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he writes personal poems, he writes comic poems, he writes very dramatic poems. so he is a fascinating figure because and all the way tloou -- through the depression, the war, the after math of the war, the life that people lived in the '50s and '60s. he was a chronicler of the civil rights movement. there are so many areas in which he has written beautifully and compellingly. i am delighted.
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more from the atlantic council discussion on the upcoming nato discussion in great britain. let me echo fred kent's welcoming to all of you in the audience and our team. this is a conference on nato's deterrence and collective defense. this first panel discussion is on new challenges and new tools around deterrence.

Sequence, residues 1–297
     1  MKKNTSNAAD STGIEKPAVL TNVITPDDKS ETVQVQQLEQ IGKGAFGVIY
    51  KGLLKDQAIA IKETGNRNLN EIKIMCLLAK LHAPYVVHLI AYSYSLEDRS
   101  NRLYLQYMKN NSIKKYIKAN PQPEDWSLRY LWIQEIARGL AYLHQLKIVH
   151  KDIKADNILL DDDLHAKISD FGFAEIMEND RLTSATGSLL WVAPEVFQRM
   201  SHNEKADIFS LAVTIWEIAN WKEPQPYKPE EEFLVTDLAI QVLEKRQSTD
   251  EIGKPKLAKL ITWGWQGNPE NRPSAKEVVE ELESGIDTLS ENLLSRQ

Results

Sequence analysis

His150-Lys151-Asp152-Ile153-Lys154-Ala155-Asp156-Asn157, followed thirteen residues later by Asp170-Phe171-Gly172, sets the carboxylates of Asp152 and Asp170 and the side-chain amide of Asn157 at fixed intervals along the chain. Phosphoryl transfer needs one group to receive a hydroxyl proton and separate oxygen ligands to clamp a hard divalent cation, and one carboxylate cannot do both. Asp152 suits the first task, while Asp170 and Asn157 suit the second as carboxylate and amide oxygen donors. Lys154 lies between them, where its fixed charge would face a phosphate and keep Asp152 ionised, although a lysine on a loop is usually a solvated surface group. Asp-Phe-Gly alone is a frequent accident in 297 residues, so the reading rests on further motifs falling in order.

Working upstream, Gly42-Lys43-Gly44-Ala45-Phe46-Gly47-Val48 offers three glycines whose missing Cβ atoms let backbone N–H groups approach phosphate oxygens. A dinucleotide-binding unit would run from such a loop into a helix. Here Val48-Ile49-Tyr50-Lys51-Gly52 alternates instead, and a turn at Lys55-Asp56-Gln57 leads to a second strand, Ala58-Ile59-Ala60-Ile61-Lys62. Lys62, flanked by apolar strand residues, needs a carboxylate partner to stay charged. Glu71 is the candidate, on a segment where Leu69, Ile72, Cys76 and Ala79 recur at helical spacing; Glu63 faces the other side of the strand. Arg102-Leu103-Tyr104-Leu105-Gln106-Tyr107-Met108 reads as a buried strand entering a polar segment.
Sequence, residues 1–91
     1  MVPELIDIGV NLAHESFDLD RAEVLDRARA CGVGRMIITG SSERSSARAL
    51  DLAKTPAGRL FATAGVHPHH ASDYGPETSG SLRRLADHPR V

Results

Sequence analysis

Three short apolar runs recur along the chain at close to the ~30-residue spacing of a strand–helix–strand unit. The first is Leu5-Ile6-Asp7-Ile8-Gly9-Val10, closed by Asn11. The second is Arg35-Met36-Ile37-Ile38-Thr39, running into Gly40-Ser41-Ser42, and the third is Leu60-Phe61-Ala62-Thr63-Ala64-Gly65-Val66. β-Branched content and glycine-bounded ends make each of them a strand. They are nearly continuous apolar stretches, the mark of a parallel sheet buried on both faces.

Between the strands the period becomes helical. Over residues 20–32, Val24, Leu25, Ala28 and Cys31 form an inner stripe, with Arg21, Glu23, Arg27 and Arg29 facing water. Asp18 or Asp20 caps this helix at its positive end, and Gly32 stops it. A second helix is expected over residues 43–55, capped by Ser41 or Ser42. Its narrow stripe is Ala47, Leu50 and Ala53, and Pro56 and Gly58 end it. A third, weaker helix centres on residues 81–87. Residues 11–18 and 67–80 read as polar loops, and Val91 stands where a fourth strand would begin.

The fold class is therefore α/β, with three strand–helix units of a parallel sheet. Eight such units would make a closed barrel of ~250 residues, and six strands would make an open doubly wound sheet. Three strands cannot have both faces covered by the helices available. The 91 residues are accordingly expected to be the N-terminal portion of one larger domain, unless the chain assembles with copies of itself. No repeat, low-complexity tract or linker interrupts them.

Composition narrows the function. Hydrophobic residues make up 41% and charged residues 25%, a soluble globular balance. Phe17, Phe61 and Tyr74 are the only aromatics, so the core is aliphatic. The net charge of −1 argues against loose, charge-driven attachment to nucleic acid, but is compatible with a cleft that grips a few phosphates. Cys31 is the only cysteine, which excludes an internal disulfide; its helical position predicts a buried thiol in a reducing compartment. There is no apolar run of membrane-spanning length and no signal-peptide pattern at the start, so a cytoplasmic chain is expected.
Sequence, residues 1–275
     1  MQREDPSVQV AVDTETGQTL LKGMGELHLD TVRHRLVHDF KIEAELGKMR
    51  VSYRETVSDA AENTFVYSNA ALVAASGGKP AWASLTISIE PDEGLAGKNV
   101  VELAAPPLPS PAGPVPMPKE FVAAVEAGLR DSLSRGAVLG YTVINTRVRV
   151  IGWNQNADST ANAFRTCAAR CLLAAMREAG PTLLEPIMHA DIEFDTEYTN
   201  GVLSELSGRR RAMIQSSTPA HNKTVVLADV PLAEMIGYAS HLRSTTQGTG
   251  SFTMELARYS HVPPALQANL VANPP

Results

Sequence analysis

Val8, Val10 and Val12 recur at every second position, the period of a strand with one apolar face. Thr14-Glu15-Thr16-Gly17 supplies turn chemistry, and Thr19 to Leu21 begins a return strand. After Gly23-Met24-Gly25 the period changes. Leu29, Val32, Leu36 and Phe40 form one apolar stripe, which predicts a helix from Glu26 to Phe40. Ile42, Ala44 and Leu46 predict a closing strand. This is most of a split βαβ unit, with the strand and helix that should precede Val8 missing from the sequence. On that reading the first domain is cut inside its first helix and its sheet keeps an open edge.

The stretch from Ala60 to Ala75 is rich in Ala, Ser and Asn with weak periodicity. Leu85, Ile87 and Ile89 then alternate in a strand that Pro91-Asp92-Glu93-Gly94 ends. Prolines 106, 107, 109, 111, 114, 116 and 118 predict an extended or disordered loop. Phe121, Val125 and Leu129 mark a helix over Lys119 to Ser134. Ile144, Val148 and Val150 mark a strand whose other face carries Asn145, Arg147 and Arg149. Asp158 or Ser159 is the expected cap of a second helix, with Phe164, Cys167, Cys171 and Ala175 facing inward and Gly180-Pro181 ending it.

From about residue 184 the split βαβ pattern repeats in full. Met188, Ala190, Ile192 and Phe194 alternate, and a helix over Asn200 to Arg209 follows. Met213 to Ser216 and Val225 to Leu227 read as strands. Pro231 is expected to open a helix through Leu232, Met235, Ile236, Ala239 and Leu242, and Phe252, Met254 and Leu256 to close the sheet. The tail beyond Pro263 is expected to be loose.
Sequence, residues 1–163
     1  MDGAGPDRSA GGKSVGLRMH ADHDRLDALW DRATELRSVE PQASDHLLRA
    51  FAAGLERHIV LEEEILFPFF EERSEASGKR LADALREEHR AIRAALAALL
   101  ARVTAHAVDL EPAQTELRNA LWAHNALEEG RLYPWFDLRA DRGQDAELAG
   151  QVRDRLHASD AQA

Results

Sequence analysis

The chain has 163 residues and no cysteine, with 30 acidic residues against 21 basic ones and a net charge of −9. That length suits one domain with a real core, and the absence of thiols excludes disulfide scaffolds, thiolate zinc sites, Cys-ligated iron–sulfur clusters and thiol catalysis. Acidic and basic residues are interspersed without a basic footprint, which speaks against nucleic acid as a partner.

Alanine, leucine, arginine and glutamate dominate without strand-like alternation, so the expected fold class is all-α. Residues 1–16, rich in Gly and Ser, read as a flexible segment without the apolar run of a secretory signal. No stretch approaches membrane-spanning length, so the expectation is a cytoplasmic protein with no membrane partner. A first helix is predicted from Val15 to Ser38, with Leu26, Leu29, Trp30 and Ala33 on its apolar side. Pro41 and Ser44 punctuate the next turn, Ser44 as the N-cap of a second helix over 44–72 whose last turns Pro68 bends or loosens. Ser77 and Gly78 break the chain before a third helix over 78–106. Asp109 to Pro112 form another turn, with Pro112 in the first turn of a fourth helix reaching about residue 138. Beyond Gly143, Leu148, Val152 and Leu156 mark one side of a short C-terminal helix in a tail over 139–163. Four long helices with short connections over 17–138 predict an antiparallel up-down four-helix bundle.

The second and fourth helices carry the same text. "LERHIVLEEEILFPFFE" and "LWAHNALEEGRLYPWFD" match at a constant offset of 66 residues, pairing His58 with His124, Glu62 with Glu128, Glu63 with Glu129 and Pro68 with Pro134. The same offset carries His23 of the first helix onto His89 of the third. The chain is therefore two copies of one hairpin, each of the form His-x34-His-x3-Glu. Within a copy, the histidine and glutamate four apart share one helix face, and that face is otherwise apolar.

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in essence it is a project to help sharpen the purpose and relevance as the aalliance as we head into what fred characterized as an inflection point in history. we are keen on insuring the summitt next year is not just the last afghanistan summit but is a summit that kicks off a new chapter of nato's future. the aalliance was about deterring the soviet threat. in post '89 it was known for helping to transform adversaries. with the dissolution of the former yugoslavia it became an
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institution of first resort for crisis management. whether it was the taliban or the missiles originating from facilities in iran or whether it was from unknown hackers in cyber space we saw an alliance beginning to think differently about the approach to security. the question facing us is now what? what is next? the washington treaty doesn't identify an enemy. at the end of the day the alliance is about binding north america and europe together. it is about deterrence rather than a particular enemy. what does that mean in today's world when we have non-state actors, new actors, disruptive